Last year growth of South African wine in the important UK market, outstripped all its competitors as it moved the fourth largest exporter to the country. CEO of Wines of South Africa Su Birch speaks about the united efforts in the country, which have built brands and helped meet the tough needs of the retail sector.

South Africa was the fastest growing country in the UK retail sector in 2002. It moved up from sixth to fourth position in the UK retail wine sector and increased its share of this market in 2002 to 9.5% (2001:7.9%), according to AC Nielsen, said Wines of South Africa (WOSA) CEO Su Birch today.

"While the volume of retail wine sales in the UK grew 6%, South Africa achieved a 26% growth on 2001, outstripping Australia's 23%. And for the first time the country had a brand listed in the top five wines retailed in the UK with Kumala at number four," Birch said.

The UK is the fourth largest wine market in the world by value and its rapid growth is expected to continue, believe international researchers of global wine trends. It currently takes up over half South Africa's bottled wine exports.

Commenting on South Africa's continued success in the UK, Birch said the 27% increase in sales of bottled wine for 2002 - according to the SA Wine Industry and Information Systems - was a preliminary figure, since not all transactions had been documented and that actual growth would be higher. She added that far from saturating the UK market, WOSA was confident of South Africa not only increasing its volume share but also its value share of the market, currently standing at 9.1%. Producers were being encouraged to focus efforts on the £5 price category and above.

She said AC Nielsen research had documented the growing popularity of wine in the UK, which was now competing head on with other alcoholic drinks. "The growth of wine brands, particularly from the New World, has impacted significantly on the alcoholic beverage market. Who could have predicted even five years ago that there would be six wines on the list of the UK's top 20 drinks? This list includes beer, coolers, ciders and spirits.

"This emergent switch to wine as a beverage of choice offers tremendous growth potential in a market where South Africa is widely known as a producer of New World, fruit-driven and accessible wines. Moreover, the dramatic growth among Britons travelling to South Africa can only strengthen the marketing efforts of local wine producers," she said.

Other markets reflecting robust growth were the Netherlands, where sales of bottled wines had risen 22% on 2001; Germany, where they had increased by 16%, and the US, where volumes had grown 31%. Exports had also grown significantly to Denmark (28%) and Finland (37%), and were back on track in Sweden, prompting WOSA to appoint a representative in the Scandinavian block at the beginning of this year.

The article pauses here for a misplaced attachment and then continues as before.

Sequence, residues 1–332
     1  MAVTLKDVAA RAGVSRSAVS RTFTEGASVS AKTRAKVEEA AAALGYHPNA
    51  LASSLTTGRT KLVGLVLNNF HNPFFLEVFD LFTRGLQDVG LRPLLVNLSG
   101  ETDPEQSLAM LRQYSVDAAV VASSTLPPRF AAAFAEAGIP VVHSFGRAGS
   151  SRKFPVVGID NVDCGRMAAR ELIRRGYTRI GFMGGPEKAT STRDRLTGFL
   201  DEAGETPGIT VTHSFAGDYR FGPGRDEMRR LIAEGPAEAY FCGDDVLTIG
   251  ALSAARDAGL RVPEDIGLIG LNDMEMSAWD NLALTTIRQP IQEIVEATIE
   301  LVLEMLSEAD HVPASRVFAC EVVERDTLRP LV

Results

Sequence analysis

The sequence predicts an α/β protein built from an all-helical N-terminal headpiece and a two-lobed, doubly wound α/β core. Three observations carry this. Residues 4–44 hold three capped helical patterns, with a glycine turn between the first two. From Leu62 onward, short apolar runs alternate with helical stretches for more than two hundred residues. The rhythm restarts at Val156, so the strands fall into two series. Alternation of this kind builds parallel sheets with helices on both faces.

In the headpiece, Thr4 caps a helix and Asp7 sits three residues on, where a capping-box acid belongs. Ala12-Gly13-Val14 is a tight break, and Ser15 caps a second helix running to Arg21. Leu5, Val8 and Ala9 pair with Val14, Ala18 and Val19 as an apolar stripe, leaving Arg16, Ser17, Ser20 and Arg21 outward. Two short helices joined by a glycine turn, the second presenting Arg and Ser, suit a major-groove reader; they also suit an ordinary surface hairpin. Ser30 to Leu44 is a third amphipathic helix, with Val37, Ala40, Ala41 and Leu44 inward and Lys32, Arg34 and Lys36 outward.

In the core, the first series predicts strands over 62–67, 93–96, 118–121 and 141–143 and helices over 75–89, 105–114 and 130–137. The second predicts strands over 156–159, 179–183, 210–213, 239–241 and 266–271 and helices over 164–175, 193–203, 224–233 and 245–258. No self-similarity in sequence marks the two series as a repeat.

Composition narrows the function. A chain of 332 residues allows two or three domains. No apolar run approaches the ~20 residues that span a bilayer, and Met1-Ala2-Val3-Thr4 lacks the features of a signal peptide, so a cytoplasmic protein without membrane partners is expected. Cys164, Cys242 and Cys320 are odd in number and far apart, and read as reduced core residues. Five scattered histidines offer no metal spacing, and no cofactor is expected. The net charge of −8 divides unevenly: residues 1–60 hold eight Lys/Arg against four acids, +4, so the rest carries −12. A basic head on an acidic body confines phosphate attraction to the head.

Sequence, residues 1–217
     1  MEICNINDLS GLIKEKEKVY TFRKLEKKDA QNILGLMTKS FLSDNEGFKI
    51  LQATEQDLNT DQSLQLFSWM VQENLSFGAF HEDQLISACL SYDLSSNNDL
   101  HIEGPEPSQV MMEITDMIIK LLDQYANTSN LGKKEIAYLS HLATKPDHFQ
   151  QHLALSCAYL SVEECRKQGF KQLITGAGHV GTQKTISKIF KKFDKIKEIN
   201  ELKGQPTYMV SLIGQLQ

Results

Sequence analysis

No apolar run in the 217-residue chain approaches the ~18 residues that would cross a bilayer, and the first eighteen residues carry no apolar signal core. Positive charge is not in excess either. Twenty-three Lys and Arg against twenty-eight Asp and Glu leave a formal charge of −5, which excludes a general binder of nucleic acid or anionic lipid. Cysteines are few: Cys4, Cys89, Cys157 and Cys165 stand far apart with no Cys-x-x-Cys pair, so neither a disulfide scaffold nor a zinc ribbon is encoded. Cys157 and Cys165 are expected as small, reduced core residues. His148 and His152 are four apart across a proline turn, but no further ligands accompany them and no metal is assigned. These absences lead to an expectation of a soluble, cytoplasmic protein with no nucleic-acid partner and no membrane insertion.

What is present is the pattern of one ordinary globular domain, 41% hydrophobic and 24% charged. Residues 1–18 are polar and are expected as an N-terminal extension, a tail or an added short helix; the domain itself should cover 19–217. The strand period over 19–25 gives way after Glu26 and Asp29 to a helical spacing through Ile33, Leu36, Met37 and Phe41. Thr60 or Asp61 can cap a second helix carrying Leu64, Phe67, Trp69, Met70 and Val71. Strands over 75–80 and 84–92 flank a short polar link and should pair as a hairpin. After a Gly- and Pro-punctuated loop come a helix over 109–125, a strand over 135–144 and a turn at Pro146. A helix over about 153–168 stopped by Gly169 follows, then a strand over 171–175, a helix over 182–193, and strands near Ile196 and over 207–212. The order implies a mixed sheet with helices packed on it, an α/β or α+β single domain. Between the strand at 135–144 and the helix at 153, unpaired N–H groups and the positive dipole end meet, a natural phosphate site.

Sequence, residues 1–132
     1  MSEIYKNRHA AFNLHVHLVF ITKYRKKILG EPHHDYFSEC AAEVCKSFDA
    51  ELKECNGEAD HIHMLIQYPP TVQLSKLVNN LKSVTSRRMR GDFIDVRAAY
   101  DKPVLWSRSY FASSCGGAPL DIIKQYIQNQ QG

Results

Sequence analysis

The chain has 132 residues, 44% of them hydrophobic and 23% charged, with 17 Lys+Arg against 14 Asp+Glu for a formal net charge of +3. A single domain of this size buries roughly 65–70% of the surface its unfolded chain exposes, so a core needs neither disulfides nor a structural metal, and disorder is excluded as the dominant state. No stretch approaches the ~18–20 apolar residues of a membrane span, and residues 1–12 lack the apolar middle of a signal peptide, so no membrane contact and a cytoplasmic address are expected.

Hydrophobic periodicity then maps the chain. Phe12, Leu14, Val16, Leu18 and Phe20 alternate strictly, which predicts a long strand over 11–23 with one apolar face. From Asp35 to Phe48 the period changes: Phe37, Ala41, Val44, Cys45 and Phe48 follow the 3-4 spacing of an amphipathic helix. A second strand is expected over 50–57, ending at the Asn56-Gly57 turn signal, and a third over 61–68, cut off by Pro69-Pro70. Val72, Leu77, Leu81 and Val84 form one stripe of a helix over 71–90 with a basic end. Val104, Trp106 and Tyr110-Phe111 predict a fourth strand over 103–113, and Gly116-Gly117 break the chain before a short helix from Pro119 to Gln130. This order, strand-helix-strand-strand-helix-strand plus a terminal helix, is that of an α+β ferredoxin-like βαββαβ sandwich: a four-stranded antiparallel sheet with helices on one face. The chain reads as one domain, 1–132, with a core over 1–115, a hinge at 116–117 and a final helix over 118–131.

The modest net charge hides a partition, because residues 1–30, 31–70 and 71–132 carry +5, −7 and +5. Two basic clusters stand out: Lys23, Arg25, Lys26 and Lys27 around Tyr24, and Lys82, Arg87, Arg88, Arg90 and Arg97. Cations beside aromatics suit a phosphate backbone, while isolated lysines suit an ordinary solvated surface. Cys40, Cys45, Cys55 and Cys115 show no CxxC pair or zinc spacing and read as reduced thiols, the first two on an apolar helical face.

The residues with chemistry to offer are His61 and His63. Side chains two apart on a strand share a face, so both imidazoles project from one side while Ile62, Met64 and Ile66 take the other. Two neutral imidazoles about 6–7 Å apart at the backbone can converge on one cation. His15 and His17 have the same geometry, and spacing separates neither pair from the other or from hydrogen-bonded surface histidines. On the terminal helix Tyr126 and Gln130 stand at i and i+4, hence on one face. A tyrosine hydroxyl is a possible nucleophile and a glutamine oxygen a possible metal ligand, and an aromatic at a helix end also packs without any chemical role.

The establishment of the SA Wine & Spirits Company last year, she said, was unifying the local wine industry, bringing producers, labour and marketers closer together in a common effort to build international competitiveness.

In addition, the change in the composition of the national vineyard, which was addressing the demand for red wines, would play a major role in growing the market, along with improved viticultural practices that were promoting quality standards. "We also have the added competitive advantage of producing virtually all our exports according to environmentally sustainable principles under the Integrated Production of Wine system and are acknowledged internationally as leaders in this field.

"At the same time, our logistics and capacity to service export markets are being improved.

"To counter the strengthening of the rand and the growing power of the supermarket chains which continue to consolidate on a multinational basis, producers are concentrating on brand building instead of discounting to build market share.

"They are also increasingly addressing the premium segment of the market, where country of origin and distinctive regional styles influence buying decisions and where margins are more flexible. Wines that lack distinction in terms of quality or positioning will not survive."

Birch cautioned that the battleground would shift from the lower end of the market to the US$5 price point as the larger international producers began servicing a slightly higher price segment and the premium producers started pushing volumes to create an economy of scale.

"Price and margin risk at this price point will assume increasing importance," she concluded.